|Evaluation of the cost-effectiveness of electrical stimulation therapy for pressure ulcers in spinal cord injury
|Mittmann N, Chan BC, Craven BC, Isogai PK, Houghton P
This is a critical abstract of an economic evaluation that meets the criteria for inclusion on NHS EED. Each abstract contains a brief summary of the methods, the results and conclusions followed by a detailed critical assessment on the reliability of the study and the conclusions drawn.
This study assessed the cost-effectiveness of electrical stimulation, added to standard wound care, for the treatment of grade III or IV pressure ulcers, in patients with a spinal cord injury. The authors concluded that the addition of electrical stimulation to usual care improved healing rates, reduced costs, and appeared to be cost-effective, over one year, from the perspective of the Canadian public payer. The cost-effectiveness methods were valid, which ensures that the authors’ conclusions are robust.
Type of economic evaluation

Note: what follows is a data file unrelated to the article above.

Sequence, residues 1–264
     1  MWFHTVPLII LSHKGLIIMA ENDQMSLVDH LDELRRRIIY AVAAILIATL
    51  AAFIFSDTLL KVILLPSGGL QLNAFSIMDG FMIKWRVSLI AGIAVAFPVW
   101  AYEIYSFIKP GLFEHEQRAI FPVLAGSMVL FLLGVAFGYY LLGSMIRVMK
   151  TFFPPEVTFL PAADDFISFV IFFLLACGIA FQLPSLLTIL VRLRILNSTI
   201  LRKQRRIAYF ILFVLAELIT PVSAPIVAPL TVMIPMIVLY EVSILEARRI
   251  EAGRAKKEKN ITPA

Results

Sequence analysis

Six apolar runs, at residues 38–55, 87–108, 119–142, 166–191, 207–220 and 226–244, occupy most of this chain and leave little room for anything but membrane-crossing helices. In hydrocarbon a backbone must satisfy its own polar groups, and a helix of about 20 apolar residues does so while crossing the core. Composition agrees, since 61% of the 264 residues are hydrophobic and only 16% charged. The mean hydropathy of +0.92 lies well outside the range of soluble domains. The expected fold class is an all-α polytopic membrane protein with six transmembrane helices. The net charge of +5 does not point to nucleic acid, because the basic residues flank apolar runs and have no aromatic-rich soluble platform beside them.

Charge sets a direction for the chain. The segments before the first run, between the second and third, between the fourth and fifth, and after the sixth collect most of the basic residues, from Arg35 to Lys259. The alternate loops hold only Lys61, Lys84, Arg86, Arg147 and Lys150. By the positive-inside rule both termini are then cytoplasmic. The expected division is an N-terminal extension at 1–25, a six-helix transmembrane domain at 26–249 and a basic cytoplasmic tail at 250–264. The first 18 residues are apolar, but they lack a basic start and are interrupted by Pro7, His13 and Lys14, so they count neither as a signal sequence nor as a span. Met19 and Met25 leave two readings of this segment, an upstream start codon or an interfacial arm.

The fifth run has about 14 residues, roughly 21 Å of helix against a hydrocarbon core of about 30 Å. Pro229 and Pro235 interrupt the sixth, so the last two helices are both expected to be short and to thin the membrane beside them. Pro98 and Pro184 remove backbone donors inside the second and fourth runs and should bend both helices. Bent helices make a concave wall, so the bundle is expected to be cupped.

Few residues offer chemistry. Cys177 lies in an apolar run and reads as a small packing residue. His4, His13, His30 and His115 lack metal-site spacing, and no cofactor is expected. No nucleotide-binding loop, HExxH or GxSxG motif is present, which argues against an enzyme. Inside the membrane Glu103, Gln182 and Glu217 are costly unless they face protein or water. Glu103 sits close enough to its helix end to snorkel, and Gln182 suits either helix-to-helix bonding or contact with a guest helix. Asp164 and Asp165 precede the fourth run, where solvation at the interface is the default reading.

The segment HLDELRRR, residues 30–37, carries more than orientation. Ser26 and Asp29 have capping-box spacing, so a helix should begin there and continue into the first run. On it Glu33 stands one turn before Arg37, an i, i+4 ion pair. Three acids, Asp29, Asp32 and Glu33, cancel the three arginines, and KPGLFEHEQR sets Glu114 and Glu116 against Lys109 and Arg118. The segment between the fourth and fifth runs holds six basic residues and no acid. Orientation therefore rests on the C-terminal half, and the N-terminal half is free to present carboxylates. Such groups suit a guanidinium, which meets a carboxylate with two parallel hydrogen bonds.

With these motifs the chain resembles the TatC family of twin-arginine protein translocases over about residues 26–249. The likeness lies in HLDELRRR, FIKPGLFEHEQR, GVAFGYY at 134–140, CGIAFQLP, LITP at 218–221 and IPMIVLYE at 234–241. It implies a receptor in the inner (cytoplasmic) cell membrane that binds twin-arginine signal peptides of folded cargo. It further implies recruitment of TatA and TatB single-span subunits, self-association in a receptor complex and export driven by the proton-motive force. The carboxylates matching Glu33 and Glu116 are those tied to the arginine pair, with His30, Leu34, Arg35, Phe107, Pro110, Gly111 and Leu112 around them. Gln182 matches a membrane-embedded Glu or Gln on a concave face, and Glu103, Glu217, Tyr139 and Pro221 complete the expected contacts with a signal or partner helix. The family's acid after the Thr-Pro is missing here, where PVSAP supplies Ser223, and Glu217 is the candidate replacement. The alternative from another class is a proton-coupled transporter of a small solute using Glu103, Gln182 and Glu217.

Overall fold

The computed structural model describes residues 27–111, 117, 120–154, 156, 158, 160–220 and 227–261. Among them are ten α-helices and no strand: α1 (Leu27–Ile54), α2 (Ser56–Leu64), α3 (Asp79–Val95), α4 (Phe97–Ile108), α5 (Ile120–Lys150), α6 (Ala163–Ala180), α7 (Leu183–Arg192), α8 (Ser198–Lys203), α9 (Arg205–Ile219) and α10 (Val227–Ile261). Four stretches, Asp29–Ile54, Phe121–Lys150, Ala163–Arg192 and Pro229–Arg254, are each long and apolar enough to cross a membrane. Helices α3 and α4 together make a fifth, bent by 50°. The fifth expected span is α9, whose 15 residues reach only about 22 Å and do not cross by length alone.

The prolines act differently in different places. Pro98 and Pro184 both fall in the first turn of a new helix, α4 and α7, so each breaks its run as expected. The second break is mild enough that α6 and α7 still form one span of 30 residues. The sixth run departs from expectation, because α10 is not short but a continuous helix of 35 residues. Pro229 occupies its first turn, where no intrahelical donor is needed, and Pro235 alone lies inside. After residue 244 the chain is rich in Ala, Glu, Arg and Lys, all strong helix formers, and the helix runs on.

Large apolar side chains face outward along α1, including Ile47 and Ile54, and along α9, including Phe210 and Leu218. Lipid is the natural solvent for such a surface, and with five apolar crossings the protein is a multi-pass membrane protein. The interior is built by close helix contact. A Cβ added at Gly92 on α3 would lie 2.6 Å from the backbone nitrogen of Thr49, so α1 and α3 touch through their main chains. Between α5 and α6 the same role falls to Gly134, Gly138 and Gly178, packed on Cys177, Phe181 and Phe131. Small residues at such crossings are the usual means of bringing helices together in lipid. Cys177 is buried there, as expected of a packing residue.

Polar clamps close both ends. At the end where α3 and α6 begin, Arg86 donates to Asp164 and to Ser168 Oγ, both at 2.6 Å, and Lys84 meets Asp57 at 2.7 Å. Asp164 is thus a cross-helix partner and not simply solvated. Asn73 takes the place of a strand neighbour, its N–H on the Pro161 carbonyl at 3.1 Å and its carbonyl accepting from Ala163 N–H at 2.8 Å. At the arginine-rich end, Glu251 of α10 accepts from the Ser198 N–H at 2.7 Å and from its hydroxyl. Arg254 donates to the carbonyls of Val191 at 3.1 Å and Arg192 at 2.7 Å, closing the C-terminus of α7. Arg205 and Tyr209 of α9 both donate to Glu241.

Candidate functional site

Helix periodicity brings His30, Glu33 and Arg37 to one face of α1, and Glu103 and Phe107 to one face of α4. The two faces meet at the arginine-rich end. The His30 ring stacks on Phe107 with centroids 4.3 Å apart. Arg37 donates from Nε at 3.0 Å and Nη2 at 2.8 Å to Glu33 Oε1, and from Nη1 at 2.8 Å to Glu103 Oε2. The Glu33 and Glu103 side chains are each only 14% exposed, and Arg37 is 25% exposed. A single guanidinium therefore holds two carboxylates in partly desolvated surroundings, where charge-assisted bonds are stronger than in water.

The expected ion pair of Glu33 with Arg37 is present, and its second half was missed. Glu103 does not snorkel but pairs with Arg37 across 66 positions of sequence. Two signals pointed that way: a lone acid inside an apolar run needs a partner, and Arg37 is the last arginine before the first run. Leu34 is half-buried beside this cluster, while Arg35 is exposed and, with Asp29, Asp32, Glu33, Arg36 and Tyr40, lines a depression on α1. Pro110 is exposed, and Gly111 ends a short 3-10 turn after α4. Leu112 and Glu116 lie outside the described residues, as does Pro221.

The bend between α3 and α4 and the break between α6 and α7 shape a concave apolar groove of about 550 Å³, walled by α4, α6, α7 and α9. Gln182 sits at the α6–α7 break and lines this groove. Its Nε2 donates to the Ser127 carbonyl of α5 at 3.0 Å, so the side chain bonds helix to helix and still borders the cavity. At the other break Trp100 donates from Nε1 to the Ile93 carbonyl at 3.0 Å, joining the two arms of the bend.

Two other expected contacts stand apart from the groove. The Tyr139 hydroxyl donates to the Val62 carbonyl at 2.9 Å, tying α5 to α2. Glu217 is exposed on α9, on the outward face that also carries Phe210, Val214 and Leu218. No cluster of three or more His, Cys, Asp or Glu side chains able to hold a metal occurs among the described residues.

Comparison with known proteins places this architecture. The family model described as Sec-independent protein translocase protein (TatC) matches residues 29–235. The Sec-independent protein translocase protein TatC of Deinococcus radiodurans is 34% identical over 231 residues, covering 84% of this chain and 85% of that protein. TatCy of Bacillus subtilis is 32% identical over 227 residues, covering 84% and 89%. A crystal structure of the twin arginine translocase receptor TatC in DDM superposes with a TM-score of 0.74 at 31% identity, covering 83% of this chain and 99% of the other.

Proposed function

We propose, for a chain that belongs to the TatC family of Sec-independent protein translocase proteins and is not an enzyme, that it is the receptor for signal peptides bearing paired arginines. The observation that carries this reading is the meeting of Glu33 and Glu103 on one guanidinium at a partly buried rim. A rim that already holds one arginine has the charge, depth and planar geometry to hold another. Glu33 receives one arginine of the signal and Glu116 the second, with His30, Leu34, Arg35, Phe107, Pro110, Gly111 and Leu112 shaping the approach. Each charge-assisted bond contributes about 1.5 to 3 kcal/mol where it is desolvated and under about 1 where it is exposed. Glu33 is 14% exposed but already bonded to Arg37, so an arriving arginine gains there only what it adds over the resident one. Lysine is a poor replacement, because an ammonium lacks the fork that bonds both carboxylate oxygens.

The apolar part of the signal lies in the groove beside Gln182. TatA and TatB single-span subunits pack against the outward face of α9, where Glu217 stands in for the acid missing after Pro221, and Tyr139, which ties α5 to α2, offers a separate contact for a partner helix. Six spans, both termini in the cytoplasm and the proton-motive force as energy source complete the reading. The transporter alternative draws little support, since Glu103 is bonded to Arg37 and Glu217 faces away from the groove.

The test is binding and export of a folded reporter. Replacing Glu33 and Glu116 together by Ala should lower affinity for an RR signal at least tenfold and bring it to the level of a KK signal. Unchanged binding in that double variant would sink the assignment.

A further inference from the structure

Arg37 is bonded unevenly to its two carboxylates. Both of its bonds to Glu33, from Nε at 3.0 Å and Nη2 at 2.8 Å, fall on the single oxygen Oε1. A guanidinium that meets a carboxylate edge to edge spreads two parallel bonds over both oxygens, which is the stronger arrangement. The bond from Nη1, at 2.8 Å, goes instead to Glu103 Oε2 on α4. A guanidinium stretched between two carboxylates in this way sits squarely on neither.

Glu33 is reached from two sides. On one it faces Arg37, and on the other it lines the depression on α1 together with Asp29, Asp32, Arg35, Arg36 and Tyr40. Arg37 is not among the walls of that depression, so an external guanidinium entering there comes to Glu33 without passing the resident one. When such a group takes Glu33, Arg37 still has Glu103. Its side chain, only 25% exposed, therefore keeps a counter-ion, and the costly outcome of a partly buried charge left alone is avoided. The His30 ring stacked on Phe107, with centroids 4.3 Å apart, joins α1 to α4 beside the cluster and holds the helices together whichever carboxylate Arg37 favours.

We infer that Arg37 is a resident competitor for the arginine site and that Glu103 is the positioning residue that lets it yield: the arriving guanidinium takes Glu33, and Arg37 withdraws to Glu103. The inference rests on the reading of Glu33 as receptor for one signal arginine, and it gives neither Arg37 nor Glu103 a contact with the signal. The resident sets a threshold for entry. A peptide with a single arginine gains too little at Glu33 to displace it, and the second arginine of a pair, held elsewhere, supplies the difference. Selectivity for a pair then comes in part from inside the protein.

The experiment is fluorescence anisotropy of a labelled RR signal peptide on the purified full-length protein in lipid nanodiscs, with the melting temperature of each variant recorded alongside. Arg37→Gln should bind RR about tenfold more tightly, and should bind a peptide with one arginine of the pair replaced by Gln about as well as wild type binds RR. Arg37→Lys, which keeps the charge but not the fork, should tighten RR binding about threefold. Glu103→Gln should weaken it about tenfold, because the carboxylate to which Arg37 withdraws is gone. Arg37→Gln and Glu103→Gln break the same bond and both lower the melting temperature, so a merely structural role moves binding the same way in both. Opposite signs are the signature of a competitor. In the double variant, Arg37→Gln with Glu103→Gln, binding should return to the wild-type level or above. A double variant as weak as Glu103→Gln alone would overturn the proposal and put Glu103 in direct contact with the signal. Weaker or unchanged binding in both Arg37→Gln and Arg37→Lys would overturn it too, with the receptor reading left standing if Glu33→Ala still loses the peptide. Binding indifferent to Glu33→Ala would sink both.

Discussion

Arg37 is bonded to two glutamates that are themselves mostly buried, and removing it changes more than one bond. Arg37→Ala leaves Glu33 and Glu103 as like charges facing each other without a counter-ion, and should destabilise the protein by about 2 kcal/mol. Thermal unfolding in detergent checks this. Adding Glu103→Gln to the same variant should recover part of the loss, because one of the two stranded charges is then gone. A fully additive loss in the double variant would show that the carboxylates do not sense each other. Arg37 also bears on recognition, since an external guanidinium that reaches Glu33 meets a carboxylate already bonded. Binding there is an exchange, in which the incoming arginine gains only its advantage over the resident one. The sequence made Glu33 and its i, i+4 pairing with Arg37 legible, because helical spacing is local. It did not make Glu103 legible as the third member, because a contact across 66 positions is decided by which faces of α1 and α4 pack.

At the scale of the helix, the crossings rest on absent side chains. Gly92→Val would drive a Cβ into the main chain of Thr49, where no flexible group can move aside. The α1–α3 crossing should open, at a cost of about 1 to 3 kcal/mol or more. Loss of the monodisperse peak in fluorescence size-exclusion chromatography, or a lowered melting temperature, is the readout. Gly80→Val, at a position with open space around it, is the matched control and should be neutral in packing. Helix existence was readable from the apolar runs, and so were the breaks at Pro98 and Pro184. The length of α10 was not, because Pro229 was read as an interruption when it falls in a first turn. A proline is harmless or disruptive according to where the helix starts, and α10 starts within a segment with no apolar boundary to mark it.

This study assessed the cost-effectiveness of electrical stimulation, added to standard wound care, for the treatment of grade III or IV pressure ulcers, in patients with a spinal cord injury.
Electrical stimulation plus standard wound care (usual care) was compared against usual care alone.
Usual care was mainly non-surgical procedures, such as debridement, dressing, nutrition, or physical therapy, as well as surgical procedures for the management of complications.
Electrical stimulation involved the delivery of a low-level current, through surface electrodes on the area of the wound bed, for three months.
The analysis was based on a model, with a one-year time horizon. The authors stated that it was carried out from the perspective of the Canadian public health system payer.
A literature review was undertaken to identify valid sources for the inputs. The key input was the proportion of patients who were completely healed with each treatment. These data were from 29 patients enrolled in a randomised controlled trial. The probability of relapse was from an observational study conducted in the USA. Other data were from published studies. Key assumptions were made and the most important one was that the healing rates observed at three months in the clinical trial remained constant for one year.
Monetary benefit and utility valuations:
Measure of benefit:
The summary benefit measure was the rate of pressure ulcers that were healed.